Works In Progress (WIPs)

Here are the projects I'm working on now:



Tarbosaurus bataar trio. These guys lived in Mongolia from about 70 to 65 million years ago, and were the closest relatives of T.rex. So close in fact, that some scientists consider them to be the same genus - and the deadliest things to ever walk on two legs.




Update on Tarbosaurus bataar trio:

Preliminary shading, head scales, and patterning. Temporarily removed the neck spines (to be revised later to align with the stripes).





Chasmosaurus kaiseni drives away Albertosaurus (=Gorgosaurus) libratus.

This drawing is partially based on a work by John Conway (yes, I got his permission before doing this). Conway's original piece shows Chasmosaurus belli (a species with much smaller brow horns) charging at a Daspletosaurus torosus. You can take a peek at it HERE. I really like this drawing, and most of Conway's other work, but as his specialty is actually Pterosaurs, and mine is Dinosaurs, I respectfully decided some major changes were in order.

I decided to cast Albertosaurus as the predator rather than Daspletosaurus, since it was more common (both are from the same geological formation as Chasmosaurus) - and I don't buy the theory that Albertosaurus limited itself to hunting only Hadrosaurs (or that Daspletosaurus respectively 'only' hunted Ceratopsians). Chasmosaurus itself is one of the most common Ceratopsians from Alberta, Canada - and nothing screams 'Alberta' like Albertosaurus. So I replaced the Daspletosaurus with a subadult Albertosaurus libratus. Thus I completely replaced the head.

 (As a side note, Phil Currie and a few other paleontologists have recently re-labeled A. libratus with its original 1920s name, "Gorgosaurus libratus" - though going on Gregory Paul's more reliable classification, I decided there isn't enough difference between A. libratus and the type species A. sarcophagus, to kick the former out of the genus Albertosaurus.)

I also changed the species of Chasmosaurus from C. belli to C. kaiseni (which some scientists have sunk into C. belli - not exactly the best classification in my view...) Both were native to Alberta and lived around the same time (about 75 million years ago) - but C. kaiseni, with its longer horns, is just that much more impressive.



*Lengthening the predator's tail (based on the most current skeletal proportions of AlbertosaurusDaspletosaurus skeletons also had similar proportions).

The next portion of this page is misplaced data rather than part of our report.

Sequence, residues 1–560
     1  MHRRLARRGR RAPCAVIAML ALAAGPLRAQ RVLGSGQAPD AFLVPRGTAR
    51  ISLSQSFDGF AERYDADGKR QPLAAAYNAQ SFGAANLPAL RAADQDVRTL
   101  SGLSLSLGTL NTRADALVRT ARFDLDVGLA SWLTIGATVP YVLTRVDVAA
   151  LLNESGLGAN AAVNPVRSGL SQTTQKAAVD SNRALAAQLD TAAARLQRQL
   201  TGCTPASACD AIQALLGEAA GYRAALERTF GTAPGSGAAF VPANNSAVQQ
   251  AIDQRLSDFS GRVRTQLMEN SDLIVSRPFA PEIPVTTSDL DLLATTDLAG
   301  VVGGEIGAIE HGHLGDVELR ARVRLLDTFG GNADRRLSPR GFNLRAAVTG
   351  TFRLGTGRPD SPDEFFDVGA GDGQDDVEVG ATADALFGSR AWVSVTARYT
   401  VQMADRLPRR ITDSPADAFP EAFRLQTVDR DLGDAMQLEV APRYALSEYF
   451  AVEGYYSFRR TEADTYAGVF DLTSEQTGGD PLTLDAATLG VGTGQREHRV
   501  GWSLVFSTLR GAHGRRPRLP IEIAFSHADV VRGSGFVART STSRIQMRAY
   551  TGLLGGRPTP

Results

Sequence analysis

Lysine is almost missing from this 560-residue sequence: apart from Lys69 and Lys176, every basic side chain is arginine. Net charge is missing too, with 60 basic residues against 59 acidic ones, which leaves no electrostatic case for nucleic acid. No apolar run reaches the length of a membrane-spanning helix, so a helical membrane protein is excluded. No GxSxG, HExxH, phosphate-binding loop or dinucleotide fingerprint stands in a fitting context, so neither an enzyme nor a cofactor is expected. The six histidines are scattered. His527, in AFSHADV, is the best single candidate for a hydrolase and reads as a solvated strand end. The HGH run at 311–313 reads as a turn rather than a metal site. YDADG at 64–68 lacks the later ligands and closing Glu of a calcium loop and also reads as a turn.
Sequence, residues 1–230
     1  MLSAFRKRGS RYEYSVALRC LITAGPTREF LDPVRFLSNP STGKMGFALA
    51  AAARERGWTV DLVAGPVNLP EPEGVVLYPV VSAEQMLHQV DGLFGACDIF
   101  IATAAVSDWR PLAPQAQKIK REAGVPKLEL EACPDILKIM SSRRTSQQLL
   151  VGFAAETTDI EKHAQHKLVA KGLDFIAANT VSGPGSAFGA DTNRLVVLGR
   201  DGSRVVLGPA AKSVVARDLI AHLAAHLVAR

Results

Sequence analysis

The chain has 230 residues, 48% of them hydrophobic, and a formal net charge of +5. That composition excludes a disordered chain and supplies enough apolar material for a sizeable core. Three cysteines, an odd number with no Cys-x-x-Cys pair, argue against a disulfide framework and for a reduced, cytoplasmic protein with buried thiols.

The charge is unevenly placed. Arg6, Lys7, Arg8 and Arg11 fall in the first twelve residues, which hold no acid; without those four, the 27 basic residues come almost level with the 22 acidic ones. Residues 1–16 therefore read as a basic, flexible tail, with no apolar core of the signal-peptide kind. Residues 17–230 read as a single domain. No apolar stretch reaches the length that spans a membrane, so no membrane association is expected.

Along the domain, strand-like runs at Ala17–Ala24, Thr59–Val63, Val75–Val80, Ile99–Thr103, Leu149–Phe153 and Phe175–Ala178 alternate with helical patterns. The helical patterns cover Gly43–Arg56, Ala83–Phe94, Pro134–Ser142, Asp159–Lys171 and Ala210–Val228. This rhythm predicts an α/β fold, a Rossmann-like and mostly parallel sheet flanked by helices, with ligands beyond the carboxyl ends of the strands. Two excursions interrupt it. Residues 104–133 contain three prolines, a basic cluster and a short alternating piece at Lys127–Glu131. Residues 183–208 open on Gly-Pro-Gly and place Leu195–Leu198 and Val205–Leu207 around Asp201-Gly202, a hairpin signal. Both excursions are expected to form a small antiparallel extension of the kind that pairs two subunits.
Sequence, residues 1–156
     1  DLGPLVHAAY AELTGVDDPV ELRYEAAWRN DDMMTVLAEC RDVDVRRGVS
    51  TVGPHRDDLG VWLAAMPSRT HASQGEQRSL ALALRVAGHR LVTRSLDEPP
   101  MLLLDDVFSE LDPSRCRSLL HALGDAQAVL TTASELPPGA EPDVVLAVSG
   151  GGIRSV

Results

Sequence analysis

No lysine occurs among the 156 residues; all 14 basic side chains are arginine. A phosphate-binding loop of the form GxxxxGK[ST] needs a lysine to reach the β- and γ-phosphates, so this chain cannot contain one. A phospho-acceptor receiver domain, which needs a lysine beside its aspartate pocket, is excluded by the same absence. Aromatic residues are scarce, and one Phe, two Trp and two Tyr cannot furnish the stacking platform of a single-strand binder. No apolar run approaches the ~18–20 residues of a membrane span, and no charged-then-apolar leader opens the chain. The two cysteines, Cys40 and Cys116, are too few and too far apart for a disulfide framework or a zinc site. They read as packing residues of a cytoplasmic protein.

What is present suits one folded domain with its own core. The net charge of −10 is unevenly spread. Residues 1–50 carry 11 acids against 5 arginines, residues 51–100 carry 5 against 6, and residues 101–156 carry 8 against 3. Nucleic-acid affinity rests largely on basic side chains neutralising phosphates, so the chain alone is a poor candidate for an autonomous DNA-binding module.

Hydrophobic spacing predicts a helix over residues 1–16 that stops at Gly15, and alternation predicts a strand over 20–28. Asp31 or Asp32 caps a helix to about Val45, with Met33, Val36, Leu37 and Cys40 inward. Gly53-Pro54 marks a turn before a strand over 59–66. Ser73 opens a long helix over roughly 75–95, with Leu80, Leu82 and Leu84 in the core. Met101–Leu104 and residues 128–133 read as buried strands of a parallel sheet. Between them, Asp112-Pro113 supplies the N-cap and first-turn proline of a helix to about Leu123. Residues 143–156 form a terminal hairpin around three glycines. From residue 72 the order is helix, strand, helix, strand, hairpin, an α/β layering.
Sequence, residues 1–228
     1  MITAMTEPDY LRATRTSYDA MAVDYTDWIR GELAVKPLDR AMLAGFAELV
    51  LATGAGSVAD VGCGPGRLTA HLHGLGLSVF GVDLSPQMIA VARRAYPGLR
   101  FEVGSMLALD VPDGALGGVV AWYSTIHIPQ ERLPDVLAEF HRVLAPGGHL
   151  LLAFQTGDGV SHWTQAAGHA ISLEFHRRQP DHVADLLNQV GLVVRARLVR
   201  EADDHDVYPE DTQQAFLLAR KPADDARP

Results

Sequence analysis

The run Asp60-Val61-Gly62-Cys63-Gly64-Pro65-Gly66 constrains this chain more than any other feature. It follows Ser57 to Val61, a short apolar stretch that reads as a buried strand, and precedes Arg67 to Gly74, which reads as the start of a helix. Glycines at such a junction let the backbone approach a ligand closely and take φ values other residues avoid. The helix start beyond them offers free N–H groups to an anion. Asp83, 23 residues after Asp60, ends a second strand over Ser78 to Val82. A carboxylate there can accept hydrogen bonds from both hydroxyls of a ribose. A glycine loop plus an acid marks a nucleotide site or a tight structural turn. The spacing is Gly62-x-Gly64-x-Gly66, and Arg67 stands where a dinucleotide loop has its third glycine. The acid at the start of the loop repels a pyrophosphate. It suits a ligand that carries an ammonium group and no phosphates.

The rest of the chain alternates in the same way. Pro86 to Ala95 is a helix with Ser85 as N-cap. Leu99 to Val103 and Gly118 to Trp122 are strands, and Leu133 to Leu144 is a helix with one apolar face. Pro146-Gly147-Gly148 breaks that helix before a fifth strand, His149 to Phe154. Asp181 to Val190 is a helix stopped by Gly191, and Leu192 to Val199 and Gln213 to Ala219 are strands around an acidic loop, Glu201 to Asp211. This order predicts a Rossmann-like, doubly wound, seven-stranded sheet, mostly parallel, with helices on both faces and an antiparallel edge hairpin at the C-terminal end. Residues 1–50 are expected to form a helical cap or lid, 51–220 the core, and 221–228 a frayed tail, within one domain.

*Reducing the rather extreme angle of the predator's head-turning (as well as raising the head and making the neck larger) - in any case, both Albertosaurus and Daspletosaurus had eyes that faced sideways, so the ideal head position for the predator to keep its eye on the charging Chasmosaurus would be a profile.

*Curving the end of Chasmosaurus's tail more upward to stay clear of its hind legs

*Adding a skin flap to enclose Chasmosaurus's shoulder retractor muscle (latissimus dorsi), which itself seems strangely absent in Conway's version.

*Doing the same for the caudofemoralis muscles on both animals.

*Lowering the angle of the predator's arm (the angle on the Conway original looked more Abelisaurian than Tyrannosaurian).

*Giving the predator an open mouth with tongue showing (as if panting).

*Sharper outlines on the Chasmosaurus frill studs and other small facial features

*Larger corner studs on the frill (as well as re-scaling their perspective and the rest of the upper frill).

*A more impact-absorbing stance for the Chasmosaurus's hands and fingers.

*A TOTAL redesign of the skin textures for both animals - more detail, more wrinkles, and smaller scales (some of this is already partially done on the legs of the Albertosaurus, I also plan to do it for the Chasmosaurus).

*I also plan to put some substantial patterns on both animals. Stay tuned.



UPDATE on Chasmosaurus and Albertosaurus!

Got most of the skin textures, shading, and patterns done. Albertosaurus is finished (except for the tongue).  All that's left is the Chasmo's rear half. After some additional changes in outline and body structure (based on some steamin' hot new research) the result is a sharper, more angular body for Chasmosaurus (we must remember, these were not Centrosaurs...). The progress so far is shown below. I also cropped a little space off the edges to improve pixel resolution. There are thousands of tiny scales (which are a bit hard to see here...) so the end result will be extremely lifelike.





            This work is now finished!   You can see the full version in the portfolio --> click HERE